Ranked No. 42 in the world, McHale upset 24th-seed Lucie Safarova in the first round, breaking her higher ranked opponent three times to win in straight sets, 6-2, 6-4. McHale faced a much stiffer challenge in the second round, knocking off New Zealand’s Marina Erakovic, 3-6, 7-6 , 6-3, in a bout that lasted 2 hours, 47 minutes.
McHale, the second ranked American woman behind only Serena Williams, now gets to face former world No. 1 and 13th– seed Jelena Jankovic. The teen lost badly to Serbia’s No. 1 in their only matchup at last year’s Family Circle Cup quarterfinal match, 6-2, 6-0.
McHale, who graduated from high school in 2010 and played in her first full WTA Tour season last year, has the game and mental strength to continue her rise in the rankings. And although she leads the contingent of young Americans, McHale still manages to fly under radars.
The 2012 Australian Open is a great chance for McHale to reach career heights and to introduce herself as the next American player to watch out for. With a win over Jankovic, she could potentially meet world No. 1 Caroline Wozniacki, a player she beat in Cincinnati last year.
The teen appears to thrive on the big stage and a deep run at a Grand Slam is likely on the horizon. Soon the wins for the unassuming, yet confident McHale won’t be considered upsets.
Today, January 6, 2009, provides us with another edition of “Tennis History Tuesday” where TennisGrandstand.com gives readers another exclusive excerpt from my book ON THIS DAY IN TENNIS HISTORY. (New Chapter Press, $19.95, www.tennishistorybook.com). With the ATP Tour in Doha and Chennai this week, it is interesting to remember Ivan Ljubicic winning “the golden falcon” and Rafael Nadal losing in not-so-memorable fashion.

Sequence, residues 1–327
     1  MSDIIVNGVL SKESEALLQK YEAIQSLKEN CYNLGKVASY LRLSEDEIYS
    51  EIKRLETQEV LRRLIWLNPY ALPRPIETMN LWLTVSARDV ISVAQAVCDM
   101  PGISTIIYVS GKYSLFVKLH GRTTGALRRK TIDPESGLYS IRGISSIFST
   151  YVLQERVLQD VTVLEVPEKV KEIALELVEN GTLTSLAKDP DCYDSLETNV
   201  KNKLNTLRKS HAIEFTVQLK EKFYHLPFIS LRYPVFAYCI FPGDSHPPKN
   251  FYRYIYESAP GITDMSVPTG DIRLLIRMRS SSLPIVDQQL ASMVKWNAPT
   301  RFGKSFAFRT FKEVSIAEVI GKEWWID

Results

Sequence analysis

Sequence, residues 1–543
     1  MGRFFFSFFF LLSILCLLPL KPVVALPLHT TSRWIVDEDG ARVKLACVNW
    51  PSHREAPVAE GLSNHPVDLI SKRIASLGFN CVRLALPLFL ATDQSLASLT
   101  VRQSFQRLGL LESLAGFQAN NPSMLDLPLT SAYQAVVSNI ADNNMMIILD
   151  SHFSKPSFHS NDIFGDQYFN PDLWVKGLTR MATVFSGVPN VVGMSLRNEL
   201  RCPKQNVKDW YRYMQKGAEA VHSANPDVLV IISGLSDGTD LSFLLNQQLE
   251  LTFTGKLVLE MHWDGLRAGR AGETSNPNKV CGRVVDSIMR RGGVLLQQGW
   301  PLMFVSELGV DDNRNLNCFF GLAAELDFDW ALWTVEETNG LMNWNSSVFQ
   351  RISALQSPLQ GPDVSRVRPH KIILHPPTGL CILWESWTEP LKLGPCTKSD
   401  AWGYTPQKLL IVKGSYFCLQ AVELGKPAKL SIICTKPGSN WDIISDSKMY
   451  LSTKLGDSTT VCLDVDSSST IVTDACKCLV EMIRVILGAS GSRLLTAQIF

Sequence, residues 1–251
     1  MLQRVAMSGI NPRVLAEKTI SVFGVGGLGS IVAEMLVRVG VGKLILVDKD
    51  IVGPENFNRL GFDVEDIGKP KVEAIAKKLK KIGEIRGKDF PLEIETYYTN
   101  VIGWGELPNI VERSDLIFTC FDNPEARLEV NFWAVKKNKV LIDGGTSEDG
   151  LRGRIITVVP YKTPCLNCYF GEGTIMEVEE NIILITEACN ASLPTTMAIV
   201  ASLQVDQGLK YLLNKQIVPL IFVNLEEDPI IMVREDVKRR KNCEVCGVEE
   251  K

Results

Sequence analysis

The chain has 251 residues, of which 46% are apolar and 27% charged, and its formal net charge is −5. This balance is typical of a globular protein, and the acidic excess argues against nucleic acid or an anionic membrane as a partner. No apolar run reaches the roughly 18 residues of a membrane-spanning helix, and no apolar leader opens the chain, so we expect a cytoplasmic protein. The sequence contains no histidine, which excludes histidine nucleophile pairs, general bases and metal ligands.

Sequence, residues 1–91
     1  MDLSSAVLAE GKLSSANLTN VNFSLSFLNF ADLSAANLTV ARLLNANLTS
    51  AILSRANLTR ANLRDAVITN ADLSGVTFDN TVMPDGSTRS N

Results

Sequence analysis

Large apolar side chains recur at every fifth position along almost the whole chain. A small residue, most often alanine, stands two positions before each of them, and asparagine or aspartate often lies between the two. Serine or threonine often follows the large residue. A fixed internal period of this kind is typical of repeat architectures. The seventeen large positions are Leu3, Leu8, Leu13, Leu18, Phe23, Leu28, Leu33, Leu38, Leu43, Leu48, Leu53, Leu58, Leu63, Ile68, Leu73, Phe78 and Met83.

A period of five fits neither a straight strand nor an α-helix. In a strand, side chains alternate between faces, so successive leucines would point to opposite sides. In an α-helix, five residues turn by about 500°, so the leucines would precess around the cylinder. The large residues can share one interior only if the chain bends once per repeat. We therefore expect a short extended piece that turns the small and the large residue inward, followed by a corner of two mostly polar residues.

1992 – Twenty-year-old Stefano Pescosolido of Italy is defaulted from his final round qualifying match at the New South Wales Open in Sydney, Australia, when, after being aced by his opponent, Johan Anderson of Australia, he slams his racquet to the ground in disgust and drop kicks the racquet into the stands, striking a 22-year-old woman in the face. The woman is taken to the hospital where she receives stitches over her right eye. Pescosolido is also fined $1,500.
2007 – Ivan Ljubicic of Croatia wins “the golden falcon” – the championship trophy of the Doha Open in Qatar – when he defeats Andy Murray of Scotland 6-4, 6-4 in the men’s singles final for his seventh career ATP tournament title Says Ljubicic, “This trophy is one of the most beautiful we have in tennis – the golden falcon. I wanted it so bad. Andy was a very good opponent. He fought hard and didn’t miss many balls, but I was patient. I knew I had to be aggressive but not too aggressive. Against someone like Andy you need to find the perfect balance, because if you go to the net too much, he will pass you. And if you stay at the baseline, he’s too solid. So the combination was the key today.”
2008 – World No. 2 Rafael Nadal has nothing left in the tank in a 57-minute, 6-0, 6-1 loss to Russia’s Mikhail Youzhny in the final of the Chennai Open in India. The previous night, Nadal defeats fellow Spaniard Carlos Moya 6-7 (3), 7-6 (8), 7-6 (1) in 3 hours, 54 minutes – saving four match points in the second-set tie-break – in the longest three-set match on the ATP Tour in 15 years.”Rafa was not Rafa,” says Youzhny of Nadal winning only one game against him in the final. “I did not win today, it was Rafa who lost. I did not expect it to be so easy. I was lucky as he just couldn’t move and couldn’t play.” Says a classy Nadal, “Maybe I was a bit tired after the long semifinal, but I lost the final because Mikhail played very well.”
2007 – Dinara Safina of Russia, the younger sister of U.S. and Australian Open champion Marat Safin, wins her fifth career WTA title, defeating Martina Hingis 6-3, 3-6, 7-5 in the final of the Australian women’s hard court championships on the Gold Coast. Says Hingis of Safina, “Today she was just too good and everyone should watch her because she’s gonna be maybe even better than her brother. Marat is such a genius. He can play unbelievable tennis. She (Safina) definitely doesn’t have as much touch but she has more will and desire.”